Gustav Mahler’s writing for the organ is confined to a few chords and pedal notes mostly supporting the chorus in the Second and Eighth symphonies, and a breathtakingly unidiomatic pseudo-continuo role in the first movement of his Suite after the Orchestral Works of J S Bach. True, Mahler himself recognised the un-organistic nature of his writing in that last work by suggesting that what he wrote was “a sketch which should bear, in general, the character of a free improvisation”; in other words, “don’t play what I’ve written, make up something better”.
For a composer universally hailed as one of the great orchestrators of the late 19th century, such an obvious inability to write for an instrument or to recognise its value in an orchestral texture seems somewhat strange. After all, Richard Strauss used the organ to riveting effect in many of his scores (and wrote for it in a distinctly idiomatic fashion too), as did Respighi, Wagner, Bartók and Elgar. Admittedly Rimsky-Korsakov never wrote organ parts in his scores, but the organ was virtually unknown in Russia at the time so we can excuse him. Ravel, too, avoided the instrument, but for French composers - more so even than German, Italian or English ones - the organ was so inseparably bound up with the church that they found it difficult to fit into a purely secular composition. (No excuse, I know; Saint-Saëns was a prolific writer for the organ out of an ecclesiastical context.)
One could suggest that Mahler’s Jewish heritage effectively closed the door on the organ for him: but that does not hold water, not least because he DID use it in two works which celebrate Christian ethical concepts. Perhaps he considered the organ too inseparably associated with religion to put into a secular score: yet how does that square with his use of it in a work which celebrates Bach’s secular rather than sacred music? No, there is some other reason why Mahler avoided the organ – other, of course, than the obvious conclusion that he disliked it.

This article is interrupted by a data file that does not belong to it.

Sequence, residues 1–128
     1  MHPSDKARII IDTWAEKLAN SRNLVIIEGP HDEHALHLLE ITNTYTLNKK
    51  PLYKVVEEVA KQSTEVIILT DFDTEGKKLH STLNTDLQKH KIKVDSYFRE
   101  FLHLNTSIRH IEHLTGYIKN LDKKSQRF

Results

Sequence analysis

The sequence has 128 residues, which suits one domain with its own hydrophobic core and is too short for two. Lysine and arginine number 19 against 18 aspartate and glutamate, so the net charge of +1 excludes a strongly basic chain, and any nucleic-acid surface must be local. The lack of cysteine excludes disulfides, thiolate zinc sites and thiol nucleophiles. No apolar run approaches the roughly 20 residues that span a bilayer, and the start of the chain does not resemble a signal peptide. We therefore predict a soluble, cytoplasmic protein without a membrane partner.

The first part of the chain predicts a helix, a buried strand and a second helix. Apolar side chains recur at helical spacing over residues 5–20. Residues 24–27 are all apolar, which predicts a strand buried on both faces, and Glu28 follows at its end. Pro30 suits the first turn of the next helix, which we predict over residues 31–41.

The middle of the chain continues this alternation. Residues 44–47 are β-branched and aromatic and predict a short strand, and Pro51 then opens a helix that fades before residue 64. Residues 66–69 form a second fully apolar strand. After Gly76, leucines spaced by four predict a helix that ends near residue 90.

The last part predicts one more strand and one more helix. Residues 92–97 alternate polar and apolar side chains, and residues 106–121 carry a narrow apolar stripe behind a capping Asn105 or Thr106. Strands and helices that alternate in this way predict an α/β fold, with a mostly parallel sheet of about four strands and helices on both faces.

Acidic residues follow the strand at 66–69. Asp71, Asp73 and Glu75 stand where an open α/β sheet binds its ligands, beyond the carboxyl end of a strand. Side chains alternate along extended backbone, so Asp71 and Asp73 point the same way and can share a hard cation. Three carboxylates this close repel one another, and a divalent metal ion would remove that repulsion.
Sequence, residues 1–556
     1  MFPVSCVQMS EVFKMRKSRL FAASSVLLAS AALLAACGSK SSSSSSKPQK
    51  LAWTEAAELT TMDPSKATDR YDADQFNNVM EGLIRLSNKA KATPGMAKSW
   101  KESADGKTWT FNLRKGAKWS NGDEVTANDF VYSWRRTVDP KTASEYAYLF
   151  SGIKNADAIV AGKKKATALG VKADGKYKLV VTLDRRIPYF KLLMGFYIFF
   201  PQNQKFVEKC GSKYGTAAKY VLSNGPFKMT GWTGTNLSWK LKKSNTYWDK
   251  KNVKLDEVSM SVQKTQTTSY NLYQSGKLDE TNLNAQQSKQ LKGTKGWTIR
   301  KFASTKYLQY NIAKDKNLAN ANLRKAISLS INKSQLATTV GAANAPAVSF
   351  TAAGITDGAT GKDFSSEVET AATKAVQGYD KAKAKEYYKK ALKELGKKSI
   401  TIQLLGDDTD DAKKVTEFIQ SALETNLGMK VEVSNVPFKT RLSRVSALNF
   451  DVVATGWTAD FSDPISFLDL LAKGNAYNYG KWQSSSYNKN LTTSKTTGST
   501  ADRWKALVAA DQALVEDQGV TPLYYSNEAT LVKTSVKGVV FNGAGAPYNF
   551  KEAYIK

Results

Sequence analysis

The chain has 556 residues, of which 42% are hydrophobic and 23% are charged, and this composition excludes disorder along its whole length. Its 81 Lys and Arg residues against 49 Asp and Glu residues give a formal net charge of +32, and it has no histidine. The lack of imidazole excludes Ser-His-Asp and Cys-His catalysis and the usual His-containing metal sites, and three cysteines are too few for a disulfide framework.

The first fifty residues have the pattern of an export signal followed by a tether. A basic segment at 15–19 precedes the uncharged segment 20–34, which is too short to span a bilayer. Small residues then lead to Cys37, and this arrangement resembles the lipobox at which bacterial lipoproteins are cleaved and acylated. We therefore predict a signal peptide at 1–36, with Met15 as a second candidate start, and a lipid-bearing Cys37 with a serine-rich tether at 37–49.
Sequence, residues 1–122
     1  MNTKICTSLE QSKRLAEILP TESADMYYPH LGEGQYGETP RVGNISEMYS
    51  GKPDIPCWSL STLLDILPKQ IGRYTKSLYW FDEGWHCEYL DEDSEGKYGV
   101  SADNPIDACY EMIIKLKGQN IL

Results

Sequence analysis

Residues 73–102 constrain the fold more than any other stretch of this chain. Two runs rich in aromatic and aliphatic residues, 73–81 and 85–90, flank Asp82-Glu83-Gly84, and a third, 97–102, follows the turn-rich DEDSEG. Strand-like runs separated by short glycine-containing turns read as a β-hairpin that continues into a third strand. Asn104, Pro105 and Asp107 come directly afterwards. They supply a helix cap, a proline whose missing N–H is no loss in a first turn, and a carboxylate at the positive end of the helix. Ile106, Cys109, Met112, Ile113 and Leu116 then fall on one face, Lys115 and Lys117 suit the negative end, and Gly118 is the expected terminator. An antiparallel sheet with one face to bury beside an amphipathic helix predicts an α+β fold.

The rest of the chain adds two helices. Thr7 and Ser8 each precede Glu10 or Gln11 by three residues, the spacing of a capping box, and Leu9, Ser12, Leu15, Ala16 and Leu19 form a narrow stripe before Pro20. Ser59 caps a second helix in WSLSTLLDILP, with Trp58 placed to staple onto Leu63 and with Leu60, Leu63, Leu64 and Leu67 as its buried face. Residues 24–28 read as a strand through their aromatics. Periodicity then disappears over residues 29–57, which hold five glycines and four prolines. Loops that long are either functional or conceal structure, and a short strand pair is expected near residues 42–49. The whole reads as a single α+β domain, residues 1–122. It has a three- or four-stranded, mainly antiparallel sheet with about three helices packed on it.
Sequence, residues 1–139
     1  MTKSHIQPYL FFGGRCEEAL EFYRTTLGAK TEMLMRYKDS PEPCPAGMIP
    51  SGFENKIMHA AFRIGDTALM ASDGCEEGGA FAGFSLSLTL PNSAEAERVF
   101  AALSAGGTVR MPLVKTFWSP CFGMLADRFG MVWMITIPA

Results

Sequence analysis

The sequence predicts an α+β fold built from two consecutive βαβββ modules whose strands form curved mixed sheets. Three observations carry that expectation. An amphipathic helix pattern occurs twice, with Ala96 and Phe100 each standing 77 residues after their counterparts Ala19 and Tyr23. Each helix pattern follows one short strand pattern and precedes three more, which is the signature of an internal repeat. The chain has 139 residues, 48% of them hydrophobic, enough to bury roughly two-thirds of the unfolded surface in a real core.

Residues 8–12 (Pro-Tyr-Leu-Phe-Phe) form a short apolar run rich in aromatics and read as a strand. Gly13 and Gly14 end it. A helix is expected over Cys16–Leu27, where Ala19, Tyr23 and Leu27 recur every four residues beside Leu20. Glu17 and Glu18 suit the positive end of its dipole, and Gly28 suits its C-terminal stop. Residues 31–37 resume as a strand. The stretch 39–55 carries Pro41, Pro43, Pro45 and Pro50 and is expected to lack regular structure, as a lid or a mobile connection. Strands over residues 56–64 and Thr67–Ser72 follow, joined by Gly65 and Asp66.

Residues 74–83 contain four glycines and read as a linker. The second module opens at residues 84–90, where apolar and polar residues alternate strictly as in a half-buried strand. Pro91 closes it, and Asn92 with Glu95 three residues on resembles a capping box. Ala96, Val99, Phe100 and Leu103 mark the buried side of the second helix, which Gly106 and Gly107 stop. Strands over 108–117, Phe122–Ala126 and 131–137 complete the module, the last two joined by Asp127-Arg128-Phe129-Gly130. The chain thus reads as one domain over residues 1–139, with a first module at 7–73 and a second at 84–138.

Perhaps the fact that he spent much of his professional life in Vienna holds the clue. It might seem odd to suggest this, but let’s look at Viennese-based composers and the organ. Haydn, Mozart and Beethoven all played the organ to a level at which they were at various times employed as professional organists, yet they seemed to avoid it like the plague when it came to writing serious music. Schoenberg, Berg and Webern also gave it a miss as did the Strauss family – the only organ writing I can recall in Johann Strauss the younger is his weird but charming Hochzeits-Praeludium which is hardly a work intended for public consumption. Bruckner, you would have thought, would have put the organ in just about everything he wrote. But no, he may have treated the orchestra like an organ, adding and subtracting instruments like an organist pulling out and pushing in handfuls of stops, but when it came to combining organ with an orchestra, he never did it. Franz Schmidt did – and to good effect too – but he is hardly a household name, and neither in Anton Heiller who was one of the very few Viennese composers to write a substantial body of organ music. So, can we suggest that living in Vienna prejudices a composer against the organ? That might explain Mahler’s reluctance to add such a potent colour to his orchestral mix.
The fact is Mahler and the organ just don’t go together.